Earlier this month we talked with Darren Seals, Program Manager of Cure Violence Wells Goodfellow/Hamilton Heightssite, who shared some examples of early success stories from CVG’s new site in St. Louis. CVG works in some of the neighborhoods in St. Louis with the highest rates of gun violence. Darren and his team have been working tirelessly to support the community and protect people from both violence and COVID. Darren recounted a story where one family was tragically affected by violence and both the father and son had been killed. Darren and his team knew that the rest of the family was at higher risk for violence so they spent time with a 14 year old family member who was talking about seeking revenge. By staying with the boy and talking to him, the St. Louis team was able to prevent him from seeking retaliation and getting caught up in a cycle of violence. The boy now comes around to one of the St. Louis sites every day and the team is still working to prevent him from turning to violence.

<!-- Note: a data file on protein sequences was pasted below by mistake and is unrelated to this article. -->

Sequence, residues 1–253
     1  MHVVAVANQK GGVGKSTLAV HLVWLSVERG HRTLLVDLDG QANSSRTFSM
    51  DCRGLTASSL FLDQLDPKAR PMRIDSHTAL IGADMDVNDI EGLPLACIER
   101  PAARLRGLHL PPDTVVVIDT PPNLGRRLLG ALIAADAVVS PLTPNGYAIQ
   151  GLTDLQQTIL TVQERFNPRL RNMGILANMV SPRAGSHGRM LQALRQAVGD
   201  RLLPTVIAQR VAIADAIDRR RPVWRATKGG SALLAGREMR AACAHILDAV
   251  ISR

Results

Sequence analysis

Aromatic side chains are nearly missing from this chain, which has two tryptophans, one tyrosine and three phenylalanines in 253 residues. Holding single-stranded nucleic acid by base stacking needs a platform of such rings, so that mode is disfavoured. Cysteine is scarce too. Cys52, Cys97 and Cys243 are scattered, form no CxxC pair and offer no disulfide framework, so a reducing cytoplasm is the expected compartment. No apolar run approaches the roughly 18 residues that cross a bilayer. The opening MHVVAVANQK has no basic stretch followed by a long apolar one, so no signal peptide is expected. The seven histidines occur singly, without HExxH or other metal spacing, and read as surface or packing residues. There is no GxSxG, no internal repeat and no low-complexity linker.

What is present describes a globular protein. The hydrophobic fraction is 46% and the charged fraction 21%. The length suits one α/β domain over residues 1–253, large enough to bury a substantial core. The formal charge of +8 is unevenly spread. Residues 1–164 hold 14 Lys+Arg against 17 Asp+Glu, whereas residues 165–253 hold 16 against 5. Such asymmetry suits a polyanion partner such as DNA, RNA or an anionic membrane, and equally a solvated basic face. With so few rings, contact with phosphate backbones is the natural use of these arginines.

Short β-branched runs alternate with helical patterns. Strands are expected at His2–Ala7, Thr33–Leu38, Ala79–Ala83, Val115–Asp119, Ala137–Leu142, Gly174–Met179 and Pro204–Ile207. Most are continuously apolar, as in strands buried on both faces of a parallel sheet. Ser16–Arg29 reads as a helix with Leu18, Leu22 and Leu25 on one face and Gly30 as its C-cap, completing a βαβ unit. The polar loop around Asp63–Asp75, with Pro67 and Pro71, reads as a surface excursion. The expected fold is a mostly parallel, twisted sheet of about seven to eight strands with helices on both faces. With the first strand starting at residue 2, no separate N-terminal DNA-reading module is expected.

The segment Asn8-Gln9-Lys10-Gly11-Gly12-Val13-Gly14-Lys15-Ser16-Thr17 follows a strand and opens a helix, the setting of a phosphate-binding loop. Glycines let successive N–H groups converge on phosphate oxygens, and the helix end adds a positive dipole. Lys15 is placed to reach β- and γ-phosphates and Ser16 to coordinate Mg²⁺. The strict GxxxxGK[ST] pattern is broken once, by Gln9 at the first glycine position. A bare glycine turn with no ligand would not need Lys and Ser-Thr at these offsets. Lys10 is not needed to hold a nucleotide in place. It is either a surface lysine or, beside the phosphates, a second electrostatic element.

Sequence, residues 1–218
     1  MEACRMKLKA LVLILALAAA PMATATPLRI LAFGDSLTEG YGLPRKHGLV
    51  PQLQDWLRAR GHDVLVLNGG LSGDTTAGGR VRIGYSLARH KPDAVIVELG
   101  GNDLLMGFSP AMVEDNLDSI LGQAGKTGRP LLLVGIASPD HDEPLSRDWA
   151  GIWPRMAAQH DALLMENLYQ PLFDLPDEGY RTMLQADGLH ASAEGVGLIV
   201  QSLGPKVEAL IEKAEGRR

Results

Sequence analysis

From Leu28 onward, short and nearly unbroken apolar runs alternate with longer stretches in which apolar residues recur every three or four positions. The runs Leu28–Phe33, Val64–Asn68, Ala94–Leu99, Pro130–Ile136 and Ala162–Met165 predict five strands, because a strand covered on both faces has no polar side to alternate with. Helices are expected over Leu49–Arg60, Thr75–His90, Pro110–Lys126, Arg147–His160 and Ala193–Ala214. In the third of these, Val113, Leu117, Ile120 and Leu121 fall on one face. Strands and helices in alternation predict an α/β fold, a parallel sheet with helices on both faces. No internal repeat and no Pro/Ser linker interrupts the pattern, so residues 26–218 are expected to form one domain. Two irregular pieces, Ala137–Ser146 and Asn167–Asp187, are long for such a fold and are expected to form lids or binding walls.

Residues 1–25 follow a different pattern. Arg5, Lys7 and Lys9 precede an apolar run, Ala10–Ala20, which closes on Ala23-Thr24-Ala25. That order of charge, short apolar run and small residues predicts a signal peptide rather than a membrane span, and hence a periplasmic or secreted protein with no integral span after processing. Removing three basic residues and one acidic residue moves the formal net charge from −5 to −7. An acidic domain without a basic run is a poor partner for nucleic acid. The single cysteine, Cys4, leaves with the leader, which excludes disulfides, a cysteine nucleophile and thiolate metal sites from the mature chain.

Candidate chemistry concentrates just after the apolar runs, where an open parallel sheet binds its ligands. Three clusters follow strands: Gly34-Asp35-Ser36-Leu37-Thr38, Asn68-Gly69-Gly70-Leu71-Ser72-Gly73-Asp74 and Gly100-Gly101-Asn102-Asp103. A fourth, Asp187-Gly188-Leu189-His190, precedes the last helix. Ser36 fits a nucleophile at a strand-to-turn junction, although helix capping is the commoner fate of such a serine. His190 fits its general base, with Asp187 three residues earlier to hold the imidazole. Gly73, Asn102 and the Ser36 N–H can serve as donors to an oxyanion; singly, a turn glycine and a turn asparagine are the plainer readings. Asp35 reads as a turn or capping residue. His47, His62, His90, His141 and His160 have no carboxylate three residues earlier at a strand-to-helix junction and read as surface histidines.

Darren’s team was also able to help cool down a situation where a young man had a gun. His mother specifically reached out to the Cure Violence team to ask for their help. Darren’s team visited with the young man and was able to help de-escalate the still-tense situation. They mediated the conflict and kept things cool. Darren emphasized that they work with individuals to understand where the desire to use violence is coming from and figure out how to prevent them from turning to violence. Darren and his team still check up on the son every day and say he’s continuing to get better. As evidenced by the above examples, CVG’s local partner organization works hard not only to stop violence before it happens but also to prevent future instances violence after an incident has occurred.

Darren’s team has also been involved in COVID prevention activities in their neighborhoods. This has included passing out public education materials to educate the community on how to stay safe during the pandemic and distributing masks to community members. During the holiday season, Darren passed out toys to children through the church youth center. He dressed up as Santa Clause and got the companies to match donations. They received $30,000 worth of toys that were then given out to children in the neighborhood. The event helped bring the community together and connect workers with members. It also helped the team continue to build bonds with the community and establish additional relationships and contacts that will be helpful in their future work.